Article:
ADMOS 2023

Generating Near-Optimal Meshes Using Green AI

  • Lock, Callum (Swansea University)
  • Hassan, Oubay (Swansea University)
  • Sevilla, Ruben (Swansea University)
  • Jones, Jason (Swansea University)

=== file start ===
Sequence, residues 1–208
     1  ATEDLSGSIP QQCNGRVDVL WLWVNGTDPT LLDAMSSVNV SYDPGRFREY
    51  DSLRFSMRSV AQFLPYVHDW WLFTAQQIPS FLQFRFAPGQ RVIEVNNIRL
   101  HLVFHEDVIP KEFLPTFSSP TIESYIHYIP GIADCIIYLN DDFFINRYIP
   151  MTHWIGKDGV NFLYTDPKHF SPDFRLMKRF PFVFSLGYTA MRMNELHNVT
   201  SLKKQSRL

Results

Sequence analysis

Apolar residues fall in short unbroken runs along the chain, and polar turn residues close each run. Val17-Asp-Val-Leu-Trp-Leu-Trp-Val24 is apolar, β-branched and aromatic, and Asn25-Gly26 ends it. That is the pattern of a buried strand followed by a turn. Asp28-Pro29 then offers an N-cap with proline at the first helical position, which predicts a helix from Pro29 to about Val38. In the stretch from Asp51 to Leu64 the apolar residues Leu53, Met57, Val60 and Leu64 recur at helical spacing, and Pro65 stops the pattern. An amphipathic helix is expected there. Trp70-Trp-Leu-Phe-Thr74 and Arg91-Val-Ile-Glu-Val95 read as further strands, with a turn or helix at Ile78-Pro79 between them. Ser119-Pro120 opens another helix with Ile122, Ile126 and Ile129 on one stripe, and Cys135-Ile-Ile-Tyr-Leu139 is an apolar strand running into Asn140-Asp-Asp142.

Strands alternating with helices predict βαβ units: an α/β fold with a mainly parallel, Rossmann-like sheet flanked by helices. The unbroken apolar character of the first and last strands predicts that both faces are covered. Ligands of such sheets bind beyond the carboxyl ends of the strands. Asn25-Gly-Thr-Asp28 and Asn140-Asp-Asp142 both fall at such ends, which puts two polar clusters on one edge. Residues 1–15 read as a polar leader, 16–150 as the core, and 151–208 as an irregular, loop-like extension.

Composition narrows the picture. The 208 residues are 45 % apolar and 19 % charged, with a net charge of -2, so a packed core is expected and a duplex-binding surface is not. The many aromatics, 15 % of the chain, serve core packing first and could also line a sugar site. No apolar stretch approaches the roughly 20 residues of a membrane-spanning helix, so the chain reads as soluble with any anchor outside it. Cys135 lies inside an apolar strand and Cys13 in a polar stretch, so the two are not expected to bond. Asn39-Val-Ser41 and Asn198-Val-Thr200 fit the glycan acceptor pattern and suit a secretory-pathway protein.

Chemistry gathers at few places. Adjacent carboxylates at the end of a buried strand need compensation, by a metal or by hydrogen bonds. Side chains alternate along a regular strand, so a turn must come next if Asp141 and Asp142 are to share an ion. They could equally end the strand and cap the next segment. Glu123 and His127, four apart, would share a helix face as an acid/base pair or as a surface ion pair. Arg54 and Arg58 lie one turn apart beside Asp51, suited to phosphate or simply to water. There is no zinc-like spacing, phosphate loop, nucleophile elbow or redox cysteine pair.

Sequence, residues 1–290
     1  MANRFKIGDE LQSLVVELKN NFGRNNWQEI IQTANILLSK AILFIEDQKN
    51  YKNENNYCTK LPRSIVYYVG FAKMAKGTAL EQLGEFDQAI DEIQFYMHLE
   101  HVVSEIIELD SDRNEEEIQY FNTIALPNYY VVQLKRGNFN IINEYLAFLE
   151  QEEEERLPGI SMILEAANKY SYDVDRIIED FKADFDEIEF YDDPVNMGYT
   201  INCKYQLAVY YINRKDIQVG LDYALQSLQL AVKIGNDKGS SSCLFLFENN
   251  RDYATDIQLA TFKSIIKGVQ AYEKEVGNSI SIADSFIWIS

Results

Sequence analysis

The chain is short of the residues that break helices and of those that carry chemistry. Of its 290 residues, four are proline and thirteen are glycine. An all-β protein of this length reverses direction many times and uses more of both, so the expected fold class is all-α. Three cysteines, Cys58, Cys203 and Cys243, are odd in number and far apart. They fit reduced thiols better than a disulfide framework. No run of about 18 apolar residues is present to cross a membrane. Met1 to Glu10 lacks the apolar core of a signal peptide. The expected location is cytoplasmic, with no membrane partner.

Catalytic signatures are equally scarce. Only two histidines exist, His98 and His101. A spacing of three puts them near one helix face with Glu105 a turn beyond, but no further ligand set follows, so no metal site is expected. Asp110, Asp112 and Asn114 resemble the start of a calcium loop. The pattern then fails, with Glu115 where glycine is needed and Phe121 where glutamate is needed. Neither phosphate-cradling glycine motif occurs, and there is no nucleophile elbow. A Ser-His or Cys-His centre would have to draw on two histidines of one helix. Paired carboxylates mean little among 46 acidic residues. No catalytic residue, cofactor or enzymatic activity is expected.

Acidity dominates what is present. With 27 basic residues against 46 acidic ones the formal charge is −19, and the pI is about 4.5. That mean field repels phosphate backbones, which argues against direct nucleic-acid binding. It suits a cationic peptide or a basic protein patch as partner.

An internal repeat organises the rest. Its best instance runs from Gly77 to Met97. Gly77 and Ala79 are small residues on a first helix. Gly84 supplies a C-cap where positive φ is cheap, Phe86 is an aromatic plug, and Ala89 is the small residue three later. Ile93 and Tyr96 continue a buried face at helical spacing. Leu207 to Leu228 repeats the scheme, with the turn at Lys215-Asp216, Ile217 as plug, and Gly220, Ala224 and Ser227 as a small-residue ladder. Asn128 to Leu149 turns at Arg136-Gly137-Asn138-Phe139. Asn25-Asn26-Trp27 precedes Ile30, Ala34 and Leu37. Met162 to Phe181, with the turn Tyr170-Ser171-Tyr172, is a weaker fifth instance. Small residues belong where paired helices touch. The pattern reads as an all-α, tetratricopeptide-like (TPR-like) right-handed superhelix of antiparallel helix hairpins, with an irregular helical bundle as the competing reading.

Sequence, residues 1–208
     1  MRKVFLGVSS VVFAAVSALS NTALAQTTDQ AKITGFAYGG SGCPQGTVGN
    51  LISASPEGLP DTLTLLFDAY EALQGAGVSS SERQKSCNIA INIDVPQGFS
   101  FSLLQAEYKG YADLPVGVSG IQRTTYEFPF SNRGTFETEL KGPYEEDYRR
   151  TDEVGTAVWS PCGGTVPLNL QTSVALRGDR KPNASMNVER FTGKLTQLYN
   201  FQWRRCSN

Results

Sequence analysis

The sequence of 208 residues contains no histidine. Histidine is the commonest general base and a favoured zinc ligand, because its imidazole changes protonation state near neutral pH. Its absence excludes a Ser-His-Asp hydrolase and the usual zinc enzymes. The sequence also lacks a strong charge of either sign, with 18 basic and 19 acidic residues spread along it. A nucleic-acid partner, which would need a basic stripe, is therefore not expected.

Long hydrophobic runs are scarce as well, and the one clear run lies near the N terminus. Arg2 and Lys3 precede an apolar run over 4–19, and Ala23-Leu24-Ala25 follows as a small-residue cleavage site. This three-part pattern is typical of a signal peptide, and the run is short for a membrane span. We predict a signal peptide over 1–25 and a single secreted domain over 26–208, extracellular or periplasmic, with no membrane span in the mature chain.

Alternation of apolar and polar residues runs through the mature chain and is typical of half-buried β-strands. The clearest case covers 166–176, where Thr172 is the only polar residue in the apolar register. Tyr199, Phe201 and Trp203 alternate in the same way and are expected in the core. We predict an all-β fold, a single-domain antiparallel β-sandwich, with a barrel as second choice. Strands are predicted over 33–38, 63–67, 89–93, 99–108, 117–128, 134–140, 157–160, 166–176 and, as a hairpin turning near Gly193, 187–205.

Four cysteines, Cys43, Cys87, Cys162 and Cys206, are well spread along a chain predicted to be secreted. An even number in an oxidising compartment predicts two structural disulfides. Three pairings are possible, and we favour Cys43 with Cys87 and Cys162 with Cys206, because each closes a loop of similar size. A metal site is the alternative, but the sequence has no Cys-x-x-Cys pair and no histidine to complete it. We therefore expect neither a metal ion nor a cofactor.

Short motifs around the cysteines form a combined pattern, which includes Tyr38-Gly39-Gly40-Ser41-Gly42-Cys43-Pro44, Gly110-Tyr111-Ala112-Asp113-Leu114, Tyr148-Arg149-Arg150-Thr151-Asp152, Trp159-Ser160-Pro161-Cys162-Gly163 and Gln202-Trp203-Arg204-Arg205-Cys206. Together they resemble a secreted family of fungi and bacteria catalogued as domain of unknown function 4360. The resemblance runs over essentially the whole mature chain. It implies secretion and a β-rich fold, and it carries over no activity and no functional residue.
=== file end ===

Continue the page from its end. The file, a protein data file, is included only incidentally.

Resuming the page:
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When optimising a design, multiple simulations for different operating conditions and geometric configurations are required. The process of generating the most appropriate mesh for each operating condition and geometric configuration is usually too time consuming in an industrial environment. This is mainly due to the excessive human intervention and expertise that is required at this stage to generate meshes capable of capturing all relevant features of the solution with the minimum number of elements possible. In many occasions, it is preferred to generate an excessively refined mesh that is capable of capturing all the solution features for all operating conditions and geometric configurations. This obviously leads to larger CPU times and carbon emissions when running the solver, but completely removes the burden of mesh generation. In this talk, two strategies to predict the near-optimal spacing for a given operating condition and geometric configuration will be presented. The first strategy aims at predicting the position and spacing characteristics of a set of point sources that will be used in the on-line phase to produce near-optimal mesh. The second strategy aims at predicting the a discrete spacing in a given background mesh, which again is then used in the on-line phase to produce near-optimal mesh. Both approaches will enable utilising the vast amount of data that would exist in industry to predict the spacing that is required to produce near-optimal meshes. The two strategies will be applied in the context of three-dimensional compressible flow simulations involving full aircraft configurations. The two approaches will be analysed and compared in terms of the neural network architecture, the number of training cases required, the accuracy in the predicted spacing and the accuracy in the subsequent compressible flow simulations. In addition, the benefits of using the predicted meshes, instead of using over-refined meshes will be discussed, both in terms of efficiency and carbon emissions. The examples will also include the latest effort in predicting not only isotropic spacing functions but also anisotropic spacing functions.